What’s the time, Mr Wolf?

Half past kidding time.Time to kid again.

Except this is no playground game.

Two Sundays back, Malcolm was struck by Andrew Rawnsley’s opener:

What do the following have in common? Angela Merkel, cold weather, Ed Balls, Silvio Berlusconi, the wedding of William Windsor and Kate Middleton, British civil servants, Brussels bureaucrats, people concerned about global warming, employment tribunals, trade unions, banks, bank holidays, Liberal Democrats, energy prices, Gordon Brown and the world?

The answer is that they have all been deployed as excuses by members of the government for why the economy is so dire. The proliferation of alibis offered by ministers, and their inability to stick to the same one, is a symptom of increasing desperation about the unravelling of their economic strategy.

That is now quite a meme among columnists, and here is Martin Wolf, in his blog for the FT, reprising it as a punch-line

The big facts are that the UK is set for a lost decade and a longer period of stringency than expected. The government’s position is that there is no alternative. That has now become a self-fulfilling prophecy. So blame foreigners: that always works.

Wolf’s piece is devastating, and particularly so since it is delivered from the highest financial platform in town. What Wolf was saying, far more eloquently than Malcolm’s gloss, is tomorrow’s orthodoxy:

  • that Osborne was the warm-up: the main event was the OBR report down-grading “growth” predictions — we have, in effect “lost” 3.5% of 2013’s GDP between last March and now, and with it one huge whack of “structural” deficit;
  • that what is on offer from Osborne is regressive (the burden falls unconscionably on the poor), and moreover
    • that “credit easing” is less about boosting the economy than lowering borrowing costs — which puts into proportion that swagger about the disparity between UK and German borrowing costs,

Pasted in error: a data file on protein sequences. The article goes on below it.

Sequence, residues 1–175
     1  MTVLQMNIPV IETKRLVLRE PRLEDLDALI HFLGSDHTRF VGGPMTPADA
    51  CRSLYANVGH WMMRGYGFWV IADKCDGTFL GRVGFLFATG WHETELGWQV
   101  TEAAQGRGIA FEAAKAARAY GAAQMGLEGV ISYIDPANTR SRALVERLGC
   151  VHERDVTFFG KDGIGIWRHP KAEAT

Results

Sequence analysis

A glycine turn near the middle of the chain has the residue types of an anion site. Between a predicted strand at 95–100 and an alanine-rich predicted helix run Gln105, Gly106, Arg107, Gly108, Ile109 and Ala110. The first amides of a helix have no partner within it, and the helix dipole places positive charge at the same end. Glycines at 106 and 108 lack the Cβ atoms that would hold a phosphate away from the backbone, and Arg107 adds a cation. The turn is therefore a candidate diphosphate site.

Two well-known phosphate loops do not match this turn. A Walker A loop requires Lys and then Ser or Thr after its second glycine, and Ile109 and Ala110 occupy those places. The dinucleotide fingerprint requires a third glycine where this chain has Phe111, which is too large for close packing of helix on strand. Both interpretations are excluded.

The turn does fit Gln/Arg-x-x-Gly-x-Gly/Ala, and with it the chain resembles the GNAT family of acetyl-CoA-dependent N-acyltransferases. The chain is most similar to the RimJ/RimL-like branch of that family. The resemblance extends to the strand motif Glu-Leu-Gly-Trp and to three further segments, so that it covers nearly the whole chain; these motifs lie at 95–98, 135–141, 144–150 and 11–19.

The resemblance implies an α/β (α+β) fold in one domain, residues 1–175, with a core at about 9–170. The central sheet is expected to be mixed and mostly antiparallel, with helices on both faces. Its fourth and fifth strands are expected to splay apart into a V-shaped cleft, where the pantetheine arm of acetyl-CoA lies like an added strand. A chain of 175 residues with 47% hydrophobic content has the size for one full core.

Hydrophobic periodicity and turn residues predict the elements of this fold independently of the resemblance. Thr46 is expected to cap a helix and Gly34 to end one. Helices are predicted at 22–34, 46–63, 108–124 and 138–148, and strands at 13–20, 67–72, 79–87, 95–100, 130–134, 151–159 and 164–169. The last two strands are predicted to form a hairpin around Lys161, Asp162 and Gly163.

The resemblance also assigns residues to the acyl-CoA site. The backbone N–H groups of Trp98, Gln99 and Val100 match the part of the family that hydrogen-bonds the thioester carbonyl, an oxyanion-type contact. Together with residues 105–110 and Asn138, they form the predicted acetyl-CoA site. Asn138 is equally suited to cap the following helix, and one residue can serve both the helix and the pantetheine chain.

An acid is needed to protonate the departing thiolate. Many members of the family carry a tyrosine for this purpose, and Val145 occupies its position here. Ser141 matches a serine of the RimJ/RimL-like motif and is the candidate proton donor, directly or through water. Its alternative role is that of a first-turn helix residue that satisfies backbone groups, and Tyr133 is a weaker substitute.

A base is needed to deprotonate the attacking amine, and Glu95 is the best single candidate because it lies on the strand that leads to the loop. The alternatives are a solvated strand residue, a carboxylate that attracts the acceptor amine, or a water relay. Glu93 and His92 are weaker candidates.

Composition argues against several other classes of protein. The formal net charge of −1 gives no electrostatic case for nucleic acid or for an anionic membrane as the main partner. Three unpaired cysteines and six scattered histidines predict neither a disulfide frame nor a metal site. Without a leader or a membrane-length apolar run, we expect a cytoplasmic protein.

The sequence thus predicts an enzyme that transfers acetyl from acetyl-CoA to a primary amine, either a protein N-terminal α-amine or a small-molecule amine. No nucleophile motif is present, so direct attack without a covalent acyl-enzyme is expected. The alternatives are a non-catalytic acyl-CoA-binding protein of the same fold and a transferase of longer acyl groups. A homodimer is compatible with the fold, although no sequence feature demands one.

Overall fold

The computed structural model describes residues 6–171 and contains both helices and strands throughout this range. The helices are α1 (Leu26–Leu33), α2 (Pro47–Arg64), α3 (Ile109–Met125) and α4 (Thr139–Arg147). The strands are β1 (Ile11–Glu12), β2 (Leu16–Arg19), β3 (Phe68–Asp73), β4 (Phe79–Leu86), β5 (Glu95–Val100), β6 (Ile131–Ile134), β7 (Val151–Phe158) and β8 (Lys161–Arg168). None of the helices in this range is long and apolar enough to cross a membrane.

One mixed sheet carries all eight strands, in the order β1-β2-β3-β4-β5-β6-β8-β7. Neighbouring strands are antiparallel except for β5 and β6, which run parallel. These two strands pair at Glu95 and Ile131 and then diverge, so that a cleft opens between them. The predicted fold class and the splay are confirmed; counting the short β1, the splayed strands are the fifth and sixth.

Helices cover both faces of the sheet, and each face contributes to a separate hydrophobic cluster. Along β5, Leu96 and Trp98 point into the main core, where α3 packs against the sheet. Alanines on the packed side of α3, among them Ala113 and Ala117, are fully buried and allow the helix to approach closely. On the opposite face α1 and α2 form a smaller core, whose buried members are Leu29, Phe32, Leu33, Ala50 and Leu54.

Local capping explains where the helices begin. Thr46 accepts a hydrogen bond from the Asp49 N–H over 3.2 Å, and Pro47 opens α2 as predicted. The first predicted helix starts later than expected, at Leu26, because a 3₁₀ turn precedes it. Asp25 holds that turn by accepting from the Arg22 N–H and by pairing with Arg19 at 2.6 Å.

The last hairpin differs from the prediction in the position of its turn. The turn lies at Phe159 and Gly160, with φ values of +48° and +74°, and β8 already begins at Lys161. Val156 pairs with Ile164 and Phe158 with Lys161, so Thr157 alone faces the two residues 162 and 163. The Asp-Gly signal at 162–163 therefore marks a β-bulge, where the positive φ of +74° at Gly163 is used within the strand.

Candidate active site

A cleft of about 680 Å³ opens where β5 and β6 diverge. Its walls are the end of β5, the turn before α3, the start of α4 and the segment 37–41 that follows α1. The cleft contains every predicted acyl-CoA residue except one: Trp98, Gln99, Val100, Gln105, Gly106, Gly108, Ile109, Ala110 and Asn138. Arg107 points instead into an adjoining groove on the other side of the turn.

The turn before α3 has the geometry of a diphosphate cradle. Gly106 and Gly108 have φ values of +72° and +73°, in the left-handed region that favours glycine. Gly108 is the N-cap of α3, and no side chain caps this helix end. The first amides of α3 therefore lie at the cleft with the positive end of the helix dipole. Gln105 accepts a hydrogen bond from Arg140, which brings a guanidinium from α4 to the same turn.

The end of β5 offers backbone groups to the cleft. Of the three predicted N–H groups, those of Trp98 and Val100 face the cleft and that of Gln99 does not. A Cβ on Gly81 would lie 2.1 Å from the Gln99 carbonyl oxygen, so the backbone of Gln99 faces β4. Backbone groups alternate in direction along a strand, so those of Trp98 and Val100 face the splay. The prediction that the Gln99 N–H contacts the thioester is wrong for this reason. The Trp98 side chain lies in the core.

• and that the British obsession with a “property-owning democracy” skews the economy by throwing money at domestic bricks-and-mortar when the Germans prudently put it into industrial investment;
  • that any Treasury plan to restructure or, in the current argot, “rebalance” the economy has given way to gimmickry — in other words, eighteen months into this ConDem thing, the government has completely lost the plot.

In all that, Wolf manages a vicious swipe at the Thatcherite “right-to-buy”:

why should gifts be made to people fortunate enough to live in social accommodation? This is not really a “right to buy”. It is a right to loot.

Any time now Cameron will start considering his “legacy”, that specious divide between the failed politician and the venerated statesman. About the same time Osborne will be looking for his ace-trump to see off Blasted Boris in the Tory inheritance stakes. As things stand, all either will be remembered for is that massive embuggerance of Britain’s “lost decade”, of which the main beneficiary will be Alex Salmond and the SNP.

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